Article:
Blogging Your Way to Goal Success

Written by Ellesse Chow

Continued from page 1

(3) Obtain Constant Visualization of Success By consistently visualizing that you are living your dreams, it is easier to encourage yourself to achieve much more with your goal. A blog provides that kind of opportunity for this consistent reflection. If you write your blog on a weekly or even daily basis, you are constantly reminding yourself ofrepparttar potential success that you can achieve should you religiously work onrepparttar 146828 goals tasks inrepparttar 146829 action plan.

(4) Get a Constant Stream of Motivation Most people derive a lot of satisfaction and momentum once they have realized that they have made a lot of progress in their goal endeavours. It will be exhilarating to know how close you are to achieving your goals. Is not it? If you have a blog, you can easily check your status just by reviewing your past records. While checking, you may also come across a few words of encouragement left by your friends orrepparttar 146830 public on your blog. It is just like running a marathon race, with people constantly cheering you onrepparttar 146831 sides. Eventually you will be able to run passrepparttar 146832 finishing line!

Start a blog today and write towards your goal success. You will be amazed at its results! See you atrepparttar 146833 finishing line.

About the Author Ellesse Chow is the creator of , a website that provides a 4 part Goal Setting Tutorial, other related articles & resources. Subscribe to Goal Setting College’s newsletter and get inspired by people who achieved their financial, personal goals today!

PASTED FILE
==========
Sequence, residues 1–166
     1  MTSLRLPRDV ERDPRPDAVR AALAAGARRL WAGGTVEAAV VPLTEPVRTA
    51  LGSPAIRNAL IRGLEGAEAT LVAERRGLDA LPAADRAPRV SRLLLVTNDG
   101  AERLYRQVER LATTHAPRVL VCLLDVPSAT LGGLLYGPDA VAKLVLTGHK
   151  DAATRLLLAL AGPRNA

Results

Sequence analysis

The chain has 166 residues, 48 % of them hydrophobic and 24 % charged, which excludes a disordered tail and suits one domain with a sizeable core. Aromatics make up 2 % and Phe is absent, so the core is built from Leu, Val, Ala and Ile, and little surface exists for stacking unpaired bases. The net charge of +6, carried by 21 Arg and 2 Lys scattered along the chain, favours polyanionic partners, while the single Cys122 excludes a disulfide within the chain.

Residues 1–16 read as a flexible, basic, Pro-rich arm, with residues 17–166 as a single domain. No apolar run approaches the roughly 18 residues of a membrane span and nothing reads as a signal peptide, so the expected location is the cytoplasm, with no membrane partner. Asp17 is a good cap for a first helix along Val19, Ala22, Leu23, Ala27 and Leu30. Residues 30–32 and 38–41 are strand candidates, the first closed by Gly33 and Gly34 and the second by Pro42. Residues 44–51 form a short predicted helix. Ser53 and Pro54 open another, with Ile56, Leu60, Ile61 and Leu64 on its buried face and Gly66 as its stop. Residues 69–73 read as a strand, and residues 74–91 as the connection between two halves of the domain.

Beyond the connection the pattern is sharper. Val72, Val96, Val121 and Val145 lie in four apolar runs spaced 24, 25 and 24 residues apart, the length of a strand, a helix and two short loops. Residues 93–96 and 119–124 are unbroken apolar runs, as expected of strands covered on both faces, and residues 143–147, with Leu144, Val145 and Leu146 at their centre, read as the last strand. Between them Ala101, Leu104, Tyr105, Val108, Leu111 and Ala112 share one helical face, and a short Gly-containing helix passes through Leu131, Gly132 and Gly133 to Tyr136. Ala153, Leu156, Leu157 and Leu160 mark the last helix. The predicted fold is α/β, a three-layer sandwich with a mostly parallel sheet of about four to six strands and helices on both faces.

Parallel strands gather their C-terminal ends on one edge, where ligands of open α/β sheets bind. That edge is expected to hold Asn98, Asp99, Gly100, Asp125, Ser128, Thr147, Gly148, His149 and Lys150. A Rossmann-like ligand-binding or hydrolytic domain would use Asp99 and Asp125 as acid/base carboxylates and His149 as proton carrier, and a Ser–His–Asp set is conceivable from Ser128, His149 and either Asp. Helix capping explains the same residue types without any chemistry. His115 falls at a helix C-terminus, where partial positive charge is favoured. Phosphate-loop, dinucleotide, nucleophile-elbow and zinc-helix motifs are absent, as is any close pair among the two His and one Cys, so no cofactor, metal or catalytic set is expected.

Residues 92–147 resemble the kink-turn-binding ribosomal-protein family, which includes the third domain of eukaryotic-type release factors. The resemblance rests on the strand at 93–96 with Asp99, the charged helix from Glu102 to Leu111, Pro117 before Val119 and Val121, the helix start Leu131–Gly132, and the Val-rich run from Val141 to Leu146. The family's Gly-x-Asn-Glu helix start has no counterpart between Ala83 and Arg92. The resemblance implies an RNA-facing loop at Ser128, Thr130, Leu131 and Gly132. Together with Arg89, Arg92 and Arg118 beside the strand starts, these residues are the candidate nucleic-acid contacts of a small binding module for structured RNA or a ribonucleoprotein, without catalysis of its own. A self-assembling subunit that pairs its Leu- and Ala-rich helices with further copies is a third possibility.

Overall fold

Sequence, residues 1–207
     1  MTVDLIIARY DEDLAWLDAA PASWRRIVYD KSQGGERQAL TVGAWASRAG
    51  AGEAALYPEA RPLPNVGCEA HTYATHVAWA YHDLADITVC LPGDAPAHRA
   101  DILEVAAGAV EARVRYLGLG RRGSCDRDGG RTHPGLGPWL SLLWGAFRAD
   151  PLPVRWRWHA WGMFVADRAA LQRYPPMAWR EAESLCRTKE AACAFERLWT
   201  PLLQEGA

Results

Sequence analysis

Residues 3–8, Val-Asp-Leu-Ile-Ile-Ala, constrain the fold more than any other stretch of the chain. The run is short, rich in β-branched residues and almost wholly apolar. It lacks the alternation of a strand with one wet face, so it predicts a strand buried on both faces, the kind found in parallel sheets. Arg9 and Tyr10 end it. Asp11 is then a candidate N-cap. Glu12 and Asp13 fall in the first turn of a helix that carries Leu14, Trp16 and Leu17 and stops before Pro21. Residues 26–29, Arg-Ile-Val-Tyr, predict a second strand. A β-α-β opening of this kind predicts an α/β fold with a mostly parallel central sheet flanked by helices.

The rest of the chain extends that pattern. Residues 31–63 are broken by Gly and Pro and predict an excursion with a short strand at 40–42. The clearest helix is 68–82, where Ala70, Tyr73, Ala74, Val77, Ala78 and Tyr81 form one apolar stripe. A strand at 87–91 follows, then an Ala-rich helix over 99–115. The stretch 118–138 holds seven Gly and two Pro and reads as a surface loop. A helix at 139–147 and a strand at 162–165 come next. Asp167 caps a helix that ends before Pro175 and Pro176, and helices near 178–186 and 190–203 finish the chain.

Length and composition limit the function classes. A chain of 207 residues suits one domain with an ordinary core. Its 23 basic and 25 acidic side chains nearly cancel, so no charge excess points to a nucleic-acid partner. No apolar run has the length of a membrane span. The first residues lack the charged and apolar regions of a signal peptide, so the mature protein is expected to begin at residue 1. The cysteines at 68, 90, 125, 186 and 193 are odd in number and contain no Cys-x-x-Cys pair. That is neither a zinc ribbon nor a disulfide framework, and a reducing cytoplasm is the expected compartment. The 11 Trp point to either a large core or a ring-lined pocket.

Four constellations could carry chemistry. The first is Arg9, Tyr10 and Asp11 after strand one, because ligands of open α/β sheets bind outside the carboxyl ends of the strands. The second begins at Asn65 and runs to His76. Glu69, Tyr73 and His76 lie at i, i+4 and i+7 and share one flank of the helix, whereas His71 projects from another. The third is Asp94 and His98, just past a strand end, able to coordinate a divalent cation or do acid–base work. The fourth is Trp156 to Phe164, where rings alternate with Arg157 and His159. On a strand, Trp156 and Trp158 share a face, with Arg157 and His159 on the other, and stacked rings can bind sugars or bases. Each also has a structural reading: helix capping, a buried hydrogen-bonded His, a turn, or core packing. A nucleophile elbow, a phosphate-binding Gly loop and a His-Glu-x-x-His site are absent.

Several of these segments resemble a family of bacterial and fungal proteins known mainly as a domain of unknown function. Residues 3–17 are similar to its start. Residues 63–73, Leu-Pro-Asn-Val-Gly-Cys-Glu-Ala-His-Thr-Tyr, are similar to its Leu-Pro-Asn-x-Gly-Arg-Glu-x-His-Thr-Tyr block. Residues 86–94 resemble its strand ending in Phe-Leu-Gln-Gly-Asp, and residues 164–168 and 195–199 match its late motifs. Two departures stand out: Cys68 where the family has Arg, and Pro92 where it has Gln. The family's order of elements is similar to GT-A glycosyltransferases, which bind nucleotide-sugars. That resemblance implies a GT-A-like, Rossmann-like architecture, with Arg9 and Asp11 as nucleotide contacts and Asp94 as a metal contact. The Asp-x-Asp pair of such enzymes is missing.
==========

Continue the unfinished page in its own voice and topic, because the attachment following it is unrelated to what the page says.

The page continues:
Free tips to improve self confidence

Written by Stephen Hill

Continued from page 1

I advise people thatrepparttar above were my own personal issues and that each individual has to identify there own. It is then a case of acceptingrepparttar 146797 issues which can not be changed and working hard to overcomerepparttar 146798 ones that can.


I was somebody who wanted to be like by everybody. If anybody criticised me or called me names, I would easily be offended and my confidence would drop. As an example fromrepparttar 146799 age of about seventeen I would go out with my friends most Friday and Saturday nights to public houses and sometimes to a night club. I remember one Saturday morning, aged about eighteen, waking up feeling quite ill, very hung over. I had consumed far too much alcohol onrepparttar 146800 previous evening. I looked in my wallet and had also spent far too much money. I decided that I would stay in onrepparttar 146801 Saturday night, just for a change. Duringrepparttar 146802 afternoon I had a phone call from a friend called Phil. He asked me where we going that night. After telling him that I was not going out, he called me boring on numerous occasions, offering to lend me money, saying that I had changed etc. I didn’t want him to think of me in this way however stuck to my guns, eventually he putrepparttar 146803 phone down on me in a mood. Within a few minutes another friend phoned asking why I was not going out, also calling me various names including boring. I ended up going out.

At this age I did not have enough respect for myself, I was too concerned what people thought of me and was easily persuaded into doing things and going places that I in didn’t want to.

After reading some ofrepparttar 146804 books as mentioned above I realised this and asked myself a question:

“Am I boring”